One of them, Michael Bennett of the Seattle Seahawks, just stepped up his activism game – in addition to taking a knee, he’s donating all his endorsement money in 2017 to causes that benefit communities and women of color. And he’s calling out his teammates. “It’s so simple for a lineman to block for Marshawn Lynch, but it’s a lot harder for that same lineman, if he’s a white lineman, to go to the neighborhood and see what Marshawn Lynch is doing and want to be a part of it,” Bennett says. The Undefeated’s Lois Nam handed Bennett the microphone and he went deep on women’s rights, the hypocrisy of big brand endorsements and fame. “Having [a] platform is super important to me to be socially conscious not to sell the people that are looking up to me different things that I know are not right.”
The Undefeated

The Woke Leader

The many trials of Sergeant Bobby Hadid
Bobby Farid Hadid, an Algerian immigrant merchant marine-turned pushcart vendor-turned copy machine fixer, joined the NYPD in 2002 determined to serve his adopted city after four of his Pitney Bowes colleagues died in the attack on the World Trade Center. He had extraordinary skills and was fluent in French and Arabic. But tactics used in intelligence gathering, often working with confidential informants to prevent “pre-radicalization” from turning to “jihad,” alarmed him. Then something went wrong, and he went from being a trusted ally to a suspect himself. It’s an extraordinary story and a must read, but there’s also this: His tale opens with the best, most improbable, most wonderful love story I have read in a very long time.
New Yorker

Why calls for patience will not work
The Establishment’s Ijeoma Oluo is not here for talk of compromise. “Everything short of racial justice is white supremacy,” she says in this powerful opinion piece. “Everything.” She takes on the idea of slow progress or critiques of direct action in no uncertain terms. “When you enjoy your freedoms, and you tell those who want their freedoms that they have to wait,” she says, what you are really saying is that others are less deserving. “I have the power and privilege to determine when it is time for you to receive freedom and equality, and my approval is conditioned on how comfortable and safe you make me feel…” she says.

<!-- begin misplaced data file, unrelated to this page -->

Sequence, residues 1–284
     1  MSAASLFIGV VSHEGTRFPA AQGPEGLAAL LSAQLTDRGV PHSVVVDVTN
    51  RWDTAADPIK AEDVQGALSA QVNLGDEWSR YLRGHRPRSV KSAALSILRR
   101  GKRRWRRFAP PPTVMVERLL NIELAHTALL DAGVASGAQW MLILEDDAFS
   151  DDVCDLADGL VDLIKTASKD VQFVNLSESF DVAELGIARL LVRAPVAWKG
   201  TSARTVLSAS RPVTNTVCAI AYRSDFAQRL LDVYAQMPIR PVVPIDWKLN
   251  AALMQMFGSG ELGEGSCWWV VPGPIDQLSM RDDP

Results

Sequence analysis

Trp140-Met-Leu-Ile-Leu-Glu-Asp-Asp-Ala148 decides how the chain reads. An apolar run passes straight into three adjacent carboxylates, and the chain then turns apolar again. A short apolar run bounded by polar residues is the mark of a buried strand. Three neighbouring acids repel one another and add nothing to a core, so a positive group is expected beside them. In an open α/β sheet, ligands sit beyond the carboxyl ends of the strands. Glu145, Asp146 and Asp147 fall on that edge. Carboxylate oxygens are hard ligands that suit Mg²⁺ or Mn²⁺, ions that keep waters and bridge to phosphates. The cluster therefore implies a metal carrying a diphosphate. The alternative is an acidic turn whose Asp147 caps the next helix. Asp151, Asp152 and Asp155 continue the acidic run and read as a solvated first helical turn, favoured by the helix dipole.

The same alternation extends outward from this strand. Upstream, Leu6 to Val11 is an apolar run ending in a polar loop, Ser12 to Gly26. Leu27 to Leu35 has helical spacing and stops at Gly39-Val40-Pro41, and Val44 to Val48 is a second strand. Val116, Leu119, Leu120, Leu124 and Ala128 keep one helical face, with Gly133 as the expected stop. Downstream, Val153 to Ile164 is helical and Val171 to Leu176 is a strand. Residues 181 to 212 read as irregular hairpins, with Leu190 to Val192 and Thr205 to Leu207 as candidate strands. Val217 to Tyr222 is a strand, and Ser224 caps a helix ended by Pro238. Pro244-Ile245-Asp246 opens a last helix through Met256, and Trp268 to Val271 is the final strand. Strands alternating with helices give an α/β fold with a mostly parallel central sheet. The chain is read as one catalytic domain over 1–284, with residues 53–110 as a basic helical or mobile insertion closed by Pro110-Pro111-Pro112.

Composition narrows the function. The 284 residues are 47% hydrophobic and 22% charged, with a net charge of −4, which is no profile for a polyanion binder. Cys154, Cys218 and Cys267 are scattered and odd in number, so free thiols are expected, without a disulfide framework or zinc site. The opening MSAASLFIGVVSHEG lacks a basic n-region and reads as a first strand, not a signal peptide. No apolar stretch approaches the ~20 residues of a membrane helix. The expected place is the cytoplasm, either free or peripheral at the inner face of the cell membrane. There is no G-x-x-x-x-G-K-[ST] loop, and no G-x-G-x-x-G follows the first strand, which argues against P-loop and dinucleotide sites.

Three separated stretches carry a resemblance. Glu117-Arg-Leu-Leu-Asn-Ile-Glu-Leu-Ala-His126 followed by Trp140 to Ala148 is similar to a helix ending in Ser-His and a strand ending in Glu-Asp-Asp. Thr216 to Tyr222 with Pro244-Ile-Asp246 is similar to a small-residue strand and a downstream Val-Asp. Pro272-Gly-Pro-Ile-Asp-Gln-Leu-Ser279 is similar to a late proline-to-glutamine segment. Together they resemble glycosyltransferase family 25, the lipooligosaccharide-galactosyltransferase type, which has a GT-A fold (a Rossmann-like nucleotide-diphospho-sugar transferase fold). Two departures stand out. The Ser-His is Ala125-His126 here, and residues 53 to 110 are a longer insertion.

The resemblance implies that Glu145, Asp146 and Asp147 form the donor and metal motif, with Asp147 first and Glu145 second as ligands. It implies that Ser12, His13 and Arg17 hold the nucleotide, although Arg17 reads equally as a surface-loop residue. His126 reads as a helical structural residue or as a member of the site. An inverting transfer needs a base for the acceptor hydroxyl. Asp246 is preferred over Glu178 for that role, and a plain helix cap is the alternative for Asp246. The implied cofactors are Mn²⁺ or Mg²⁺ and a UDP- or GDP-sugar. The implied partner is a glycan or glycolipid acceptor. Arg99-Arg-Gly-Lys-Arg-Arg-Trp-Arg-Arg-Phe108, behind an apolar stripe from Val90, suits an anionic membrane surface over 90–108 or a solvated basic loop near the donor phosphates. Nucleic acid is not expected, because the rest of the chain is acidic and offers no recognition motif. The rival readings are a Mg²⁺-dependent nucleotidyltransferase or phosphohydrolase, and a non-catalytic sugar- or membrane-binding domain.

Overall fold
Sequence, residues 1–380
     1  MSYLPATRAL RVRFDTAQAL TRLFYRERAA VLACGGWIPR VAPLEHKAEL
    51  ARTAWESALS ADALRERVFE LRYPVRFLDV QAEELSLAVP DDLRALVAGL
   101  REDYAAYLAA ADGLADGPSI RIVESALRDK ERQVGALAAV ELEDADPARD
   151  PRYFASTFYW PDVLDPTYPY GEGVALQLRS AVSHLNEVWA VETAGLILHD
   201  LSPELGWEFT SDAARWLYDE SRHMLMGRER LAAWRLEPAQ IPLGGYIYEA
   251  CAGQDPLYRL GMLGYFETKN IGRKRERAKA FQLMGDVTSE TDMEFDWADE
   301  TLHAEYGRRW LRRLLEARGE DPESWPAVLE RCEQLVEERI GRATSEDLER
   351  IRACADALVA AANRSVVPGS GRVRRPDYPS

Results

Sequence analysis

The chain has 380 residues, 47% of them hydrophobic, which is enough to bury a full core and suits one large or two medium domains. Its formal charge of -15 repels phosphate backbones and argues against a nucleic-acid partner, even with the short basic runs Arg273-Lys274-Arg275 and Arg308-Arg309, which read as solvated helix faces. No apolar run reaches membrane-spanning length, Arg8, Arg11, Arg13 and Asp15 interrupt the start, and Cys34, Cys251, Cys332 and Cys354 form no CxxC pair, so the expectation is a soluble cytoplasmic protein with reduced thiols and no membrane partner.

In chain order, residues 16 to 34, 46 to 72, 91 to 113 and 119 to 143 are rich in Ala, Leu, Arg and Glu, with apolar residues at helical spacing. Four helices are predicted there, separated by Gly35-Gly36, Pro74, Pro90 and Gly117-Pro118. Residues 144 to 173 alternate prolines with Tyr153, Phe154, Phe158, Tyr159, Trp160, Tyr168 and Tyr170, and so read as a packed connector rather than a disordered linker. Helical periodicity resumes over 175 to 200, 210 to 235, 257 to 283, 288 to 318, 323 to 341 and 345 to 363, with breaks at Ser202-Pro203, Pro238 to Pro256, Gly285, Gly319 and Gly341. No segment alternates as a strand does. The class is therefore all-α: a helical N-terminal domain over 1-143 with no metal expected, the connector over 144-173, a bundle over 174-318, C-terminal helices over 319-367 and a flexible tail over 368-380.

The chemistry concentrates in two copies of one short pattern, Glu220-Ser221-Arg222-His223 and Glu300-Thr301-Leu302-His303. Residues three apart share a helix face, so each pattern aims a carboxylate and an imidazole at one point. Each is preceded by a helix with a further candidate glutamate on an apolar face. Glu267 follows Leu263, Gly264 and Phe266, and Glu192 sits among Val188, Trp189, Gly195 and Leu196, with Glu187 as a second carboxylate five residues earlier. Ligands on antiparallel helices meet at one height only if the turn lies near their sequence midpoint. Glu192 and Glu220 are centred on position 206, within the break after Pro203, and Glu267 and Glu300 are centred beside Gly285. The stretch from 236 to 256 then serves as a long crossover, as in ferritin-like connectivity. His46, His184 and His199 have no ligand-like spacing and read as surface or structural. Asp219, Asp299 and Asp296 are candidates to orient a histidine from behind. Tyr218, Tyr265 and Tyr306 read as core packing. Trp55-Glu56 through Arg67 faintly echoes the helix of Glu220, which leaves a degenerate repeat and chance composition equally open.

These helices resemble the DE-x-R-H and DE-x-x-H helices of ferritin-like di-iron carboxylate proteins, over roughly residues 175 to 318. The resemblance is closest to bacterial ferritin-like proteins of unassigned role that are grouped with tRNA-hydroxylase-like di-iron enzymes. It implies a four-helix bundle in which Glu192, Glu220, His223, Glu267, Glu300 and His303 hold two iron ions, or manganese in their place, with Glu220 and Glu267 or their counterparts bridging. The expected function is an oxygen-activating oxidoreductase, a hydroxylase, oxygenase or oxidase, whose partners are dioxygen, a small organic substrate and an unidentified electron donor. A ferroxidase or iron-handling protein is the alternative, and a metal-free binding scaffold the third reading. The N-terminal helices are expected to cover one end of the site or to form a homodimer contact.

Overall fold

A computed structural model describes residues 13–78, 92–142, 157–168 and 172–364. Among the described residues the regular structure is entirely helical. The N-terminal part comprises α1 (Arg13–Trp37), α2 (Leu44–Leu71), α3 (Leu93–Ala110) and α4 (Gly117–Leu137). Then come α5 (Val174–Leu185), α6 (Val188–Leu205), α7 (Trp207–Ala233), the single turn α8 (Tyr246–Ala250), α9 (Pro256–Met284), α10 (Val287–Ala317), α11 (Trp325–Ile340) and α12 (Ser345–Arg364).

The Establishment

Why don’t political candidates do more to court Asian voters?
This piece from the Atlantic makes a strong case: Asians in America are a diverse, polyglot bunch, the fastest growing voting block and highly engaged in American life. So why are they largely invisible in the political debate? While still small in relative number, Asian demographic power is still relatively new. But that’s changing. As Asian voters increasingly weigh in on issues of representation in Hollywood and in media, the so-called “model minority” is developing a real voice.
The Atlantic


I must confess that over the past few years I have been gravely disappointed with the white moderate. I have almost reached the regrettable conclusion that the Negro’s great stumbling block in his stride toward freedom is not the White Citizen’s Counciler or the Ku Klux Klanner, but the white moderate, who is more devoted to “order” than to justice; who prefers a negative peace which is the absence of tension to a positive peace which is the presence of justice; who constantly says: “I agree with you in the goal you seek, but I cannot agree with your methods of direct action”; who paternalistically believes he can set the timetable for another man’s freedom; who lives by a mythical concept of time and who constantly advises the Negro to wait for a “more convenient season.”
—Martin Luther King